Yes, you need the initial inspiration to even talk yourself into starting. And, often, that beginning breath of the gods will take you a long way—through the opening, into the major conflicts, your oh-so-well-drawn characters jumping to life and racing around the first turn and even (hopefully) into the backstretch.
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And then, often, we run smack dab into a soft spot on the rail. Sometimes writers hit a wall but, usually, it’s more of a bogging down. Where did all that momentum go?
It jumped straight off the track and landed in the soggy infield of slaughtered dreams.
I can’t begin to recount all the stories I hear from writers regarding this. Some try to press through, floundering as if with one leg tied behind their backs. Jockey-less. That writing muscle cramped up as in a lactic-acid meltdown. So very many writers quit here altogether, or begin another book, only to at some point stop that one and begin another... I hear often, “I was so inspired, I wrote 20,000 words in nothing flat. But then the trail went cold and now I can’t write until I get another breath of it.”
Phooey! As professionals, we all know this is when the perspiration part comes in. We know all too well that while amateurs rely on inspiration, professionals know that fortitude and courage must now take over. If a deadline exists, well, we whip ourselves in the rump and spur that pony on. The feed bill has to be paid!
And I actually think this is the best-case scenario—you have no choice but to press on. Because it’s oh-so-easy to stop and bemoan the lack of inspiration to write. But that is only a trick of the mind.
I often suggest a couple of things here. The very best is to take one of your major characters out of the book and into a scenario that occurred a decade before. Or in childhood or adolescence. This piece isn’t to be included in the book, but it can be a short story you can sell down the road. Just take her away and include none of the rest of the characters, putting her into a scenario with a huge conflict. Begin writing her there and follow her where she takes you, with no attention to your prose or structure or anything, but rather, stream-of-consciousness. Not only will this cleanse your palate, but you’ll also learn something about her you can use in the book, once you get back to it.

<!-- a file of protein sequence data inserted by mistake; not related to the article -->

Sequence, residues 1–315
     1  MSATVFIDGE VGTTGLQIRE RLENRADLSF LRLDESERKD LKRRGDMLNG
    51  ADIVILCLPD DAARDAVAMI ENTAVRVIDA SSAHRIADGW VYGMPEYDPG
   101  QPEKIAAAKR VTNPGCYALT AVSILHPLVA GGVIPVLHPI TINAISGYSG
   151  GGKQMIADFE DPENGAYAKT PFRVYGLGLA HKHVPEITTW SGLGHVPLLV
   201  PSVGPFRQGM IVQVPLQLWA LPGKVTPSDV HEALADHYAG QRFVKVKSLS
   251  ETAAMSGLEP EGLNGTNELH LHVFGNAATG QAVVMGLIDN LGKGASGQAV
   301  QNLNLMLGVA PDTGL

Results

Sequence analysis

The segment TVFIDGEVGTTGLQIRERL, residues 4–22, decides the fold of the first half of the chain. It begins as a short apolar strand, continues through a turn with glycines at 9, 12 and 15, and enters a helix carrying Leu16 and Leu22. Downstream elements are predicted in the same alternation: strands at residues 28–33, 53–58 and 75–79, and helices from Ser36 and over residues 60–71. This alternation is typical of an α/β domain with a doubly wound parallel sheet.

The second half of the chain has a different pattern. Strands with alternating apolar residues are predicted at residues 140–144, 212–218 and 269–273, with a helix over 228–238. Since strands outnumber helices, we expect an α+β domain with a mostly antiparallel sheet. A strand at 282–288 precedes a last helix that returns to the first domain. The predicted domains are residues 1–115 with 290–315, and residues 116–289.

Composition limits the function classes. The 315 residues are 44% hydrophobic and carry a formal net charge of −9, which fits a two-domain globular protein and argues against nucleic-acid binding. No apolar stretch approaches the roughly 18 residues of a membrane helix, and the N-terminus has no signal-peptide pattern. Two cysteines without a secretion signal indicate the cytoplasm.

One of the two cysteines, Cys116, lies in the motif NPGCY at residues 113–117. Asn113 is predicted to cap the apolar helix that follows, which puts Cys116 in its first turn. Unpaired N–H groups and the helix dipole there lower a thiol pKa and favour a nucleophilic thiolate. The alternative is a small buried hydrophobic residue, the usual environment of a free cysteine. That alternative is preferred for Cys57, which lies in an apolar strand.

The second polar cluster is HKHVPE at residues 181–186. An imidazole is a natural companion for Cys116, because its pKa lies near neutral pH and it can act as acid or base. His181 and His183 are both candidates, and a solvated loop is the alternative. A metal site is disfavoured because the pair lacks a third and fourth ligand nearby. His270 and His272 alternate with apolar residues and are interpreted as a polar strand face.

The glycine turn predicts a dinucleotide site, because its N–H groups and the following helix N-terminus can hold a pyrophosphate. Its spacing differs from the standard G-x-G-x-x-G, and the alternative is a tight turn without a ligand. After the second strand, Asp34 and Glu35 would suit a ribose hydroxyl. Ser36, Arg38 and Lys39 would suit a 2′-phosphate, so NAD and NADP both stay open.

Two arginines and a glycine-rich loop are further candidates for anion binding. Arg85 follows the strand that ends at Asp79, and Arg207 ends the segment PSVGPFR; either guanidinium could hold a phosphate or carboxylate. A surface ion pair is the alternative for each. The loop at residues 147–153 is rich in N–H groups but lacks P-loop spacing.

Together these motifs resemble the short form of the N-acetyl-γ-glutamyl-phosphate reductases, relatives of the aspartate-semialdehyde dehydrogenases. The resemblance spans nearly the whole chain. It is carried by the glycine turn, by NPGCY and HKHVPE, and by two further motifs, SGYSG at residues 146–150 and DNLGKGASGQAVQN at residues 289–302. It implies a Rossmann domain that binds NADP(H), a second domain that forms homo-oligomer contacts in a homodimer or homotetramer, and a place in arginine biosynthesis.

Another is to just write something entirely different, even if it’s a response to Dear Abby. Just write.
And then, circle back to your book. Write. Take the last passage you have, and go. It may be awful. It may take your story a way you ultimately toss. None of that matters. You don’t care that this workman-like prose doesn’t have the zing of the inspired brilliance of before. That’s not the point. The point is you’re doing it.
Somewhere, along the far turn, you’ll find yourself racing again, getting ready for the homestretch, the breath of the gods back in your face, the finish line in sight. And often, you won’t even remember when you turned back on.
Because as Thomas Edison said, “Opportunity is missed by most people because it is dressed in overalls and looks like work.”
With this latest release, award-winning author and editor Susan Mary Malone has five traditionally-published books to her credit (fiction and nonfiction) and many published short stories. A freelance editor, forty-plus Malone-edited books have now sold to traditional publishers. You can see more about her, and what authors say about working with her, at: MaloneEditorial.com